It's tax time again. My once a year soul-searching confessional came early this time, since it's the first April I can remember that I didn't file an extension to prolong my agony into August.
If you, too, are self-employed, you might know what I mean. I finally hired a tax lady from H&R Block to begin "legitimizing" me. She asked me what I charged to do karaoke for a private party. I began spouting off my usual pricing rhetoric...two hours this, 150 bucks that...with 3 you get eggroll...when I flushed and realized whom I was talking to. The priestess could see right through me, if she wanted to. She had my whole career year in front of her and there could be no wool pulling. I stammered something like "Well, how much can you afford?" in a voice meek enough to tame a pissed off parent, but not before we both started laughing. She actually had me in mind for an up-coming company function, but I was booked already. And, for some reason, scared.
The anxiety of trying to catalogue a year's work as an entertainer hits about as hard as the commonly asked question: "So what's your real job?" Multiply said year by many, many more, and you come to my dilemma. Tax time evokes the ghosts. Every girl who ever said..."I wish I had your voice, I can't even sing in the shower." Or, "Why aren't you famous! You should think about going per-feshin-il!"
Fact is, I DO get paid to sing, so I guess that makes me a professional. It's especially weird when someone goes on about how lucky I am to have such a fun, easy job. Sometimes they're even surprised I get paid. Like I'm the Easter Bunny of Bar Fun, or something, mysteriously appearing for that special person's night out.
So where do songs come from? They come from the aforementioned people. They come from new and broken relationships. They come from doing prison gigs, after school shows, dinner parties, weddings and boat races. They come from everywhere, if you can only make time to write them.
IF that's what you want to do, better to learn how to type.
I respect the performers who work their butts off to enhance your night while remaining appreciative of the audience in return. Kimmet and Doug surprised me like that. I was impressed that an acoustic duo would strive to be so audience friendly. Or, as one fan told me, they can be downright politically incorrect. That, we know, is not always appropriate, but it sure is funny sometimes. I've been dropping by Dutch's Tavern on occasion after finishing my gigs at Jake and Elwood's. I was taken aback by the rippin' Led Zeppelin medley this duo presented. Jane's Addiction, too. Doug makes small sound big. Kimmet, I think, knows every song that exists. Doug cut his hair. Most importantly, however, Kimmet and I share a great love for the best television show ever, Law and Order. Lots to talk about there.
En route to a new store on Bardstown Road, I passed the Egg Roll Machine/ Mimosa Cafe. For several weeks, there was a sign on the door that said they were closed because... KITCHEN ON FIRE!! I assume they finally put the fire out, because guess who was eating there! Jean West, anchorwoman, that's who. She wasn't very tall, but she still has a radiant smile.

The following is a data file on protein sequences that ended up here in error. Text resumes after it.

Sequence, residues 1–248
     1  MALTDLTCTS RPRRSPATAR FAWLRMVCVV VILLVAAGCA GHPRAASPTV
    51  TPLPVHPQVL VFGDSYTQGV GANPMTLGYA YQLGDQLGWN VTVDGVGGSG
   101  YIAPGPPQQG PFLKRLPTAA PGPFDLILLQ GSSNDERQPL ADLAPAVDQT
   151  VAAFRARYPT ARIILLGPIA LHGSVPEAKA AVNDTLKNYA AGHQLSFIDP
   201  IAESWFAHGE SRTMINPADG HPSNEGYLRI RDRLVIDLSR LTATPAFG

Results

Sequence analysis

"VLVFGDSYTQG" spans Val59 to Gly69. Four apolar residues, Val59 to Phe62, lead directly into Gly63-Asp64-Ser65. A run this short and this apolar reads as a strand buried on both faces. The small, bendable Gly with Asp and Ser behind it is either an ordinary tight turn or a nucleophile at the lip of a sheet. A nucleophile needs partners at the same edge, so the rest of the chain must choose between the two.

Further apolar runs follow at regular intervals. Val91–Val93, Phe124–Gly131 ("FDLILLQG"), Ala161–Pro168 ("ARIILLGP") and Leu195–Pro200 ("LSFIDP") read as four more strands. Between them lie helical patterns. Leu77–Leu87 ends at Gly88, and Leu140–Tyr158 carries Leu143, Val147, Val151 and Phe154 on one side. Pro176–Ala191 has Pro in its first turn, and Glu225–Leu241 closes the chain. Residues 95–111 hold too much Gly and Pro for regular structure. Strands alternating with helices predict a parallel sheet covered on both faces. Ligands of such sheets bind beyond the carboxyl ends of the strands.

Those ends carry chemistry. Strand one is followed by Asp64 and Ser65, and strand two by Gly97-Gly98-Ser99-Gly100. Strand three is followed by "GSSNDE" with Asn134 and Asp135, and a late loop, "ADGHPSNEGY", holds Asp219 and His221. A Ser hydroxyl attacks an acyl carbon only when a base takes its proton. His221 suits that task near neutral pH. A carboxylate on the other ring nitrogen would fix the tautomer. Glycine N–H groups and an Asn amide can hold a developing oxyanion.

I wrote her a letter a few years ago to request she quit talking about Oprah so much. I like Oprah okay and everything, I just don't think a talk show is newsworthy.
Anyhooo, I was headed to Ringo's Rags. This store sits right next door to Wick's Pizza, brightly coloring up the block with it's festive facade. I walked inside, looked around and asked the owner; "What kind of store is this, anyway?" At first I thought it was another Grateful Dead joint, what with the bears and tie-dye and all, but I soon forgot about that (not being a Deadhead) as I lost myself in all the goodies. Lotsa little toys. Beaded curtains. Plastic animals you move with your fingers. Jewelry, incense matches, lava lamps - yep, hippie stuff, but fun stuff . There was a guitar and amp for sale as well as rhythm makers.
Owners Karen and Kirk Marsella are fun to hang out and talk with. It feels personal, specialized in Ringo's. Ringo is the family boxer (dog), popular to all he meets. They're in the store that used to be The Gothic Shop. Bet it looks a lot different now, though. Happy environment to be in, all pink, purple and playful. Karen notes the fact that she has a lot of "funky chick clothes." Many are imports, but she makes some of it herself. Big "ugly" patchwork pants, the uglier the better! Those sell great. Because they're so hip, dontcha know.
While I was in there, some guy from a band called V-Groove phoned about coming in for gig clothes. ( I don't know if I spelled the band name right, but who gives a sh**, he doesn't know I was eavesdropping, anyway, huh?)
Funny coincidence, final feature . . .Kirk told me tales of playing music with Paul Moffett some twenty years ago, for some of the best times he's ever had. The band was the ad hoc Post Nuclear Spanish Opera House and it literally set the stage for open mike Mondays at the Rudyard Kipling, thanks to the 5-year emceeing efforts of your host, Paul Moffett.
My time is up! Thanks for reading, and feel free to contribute.
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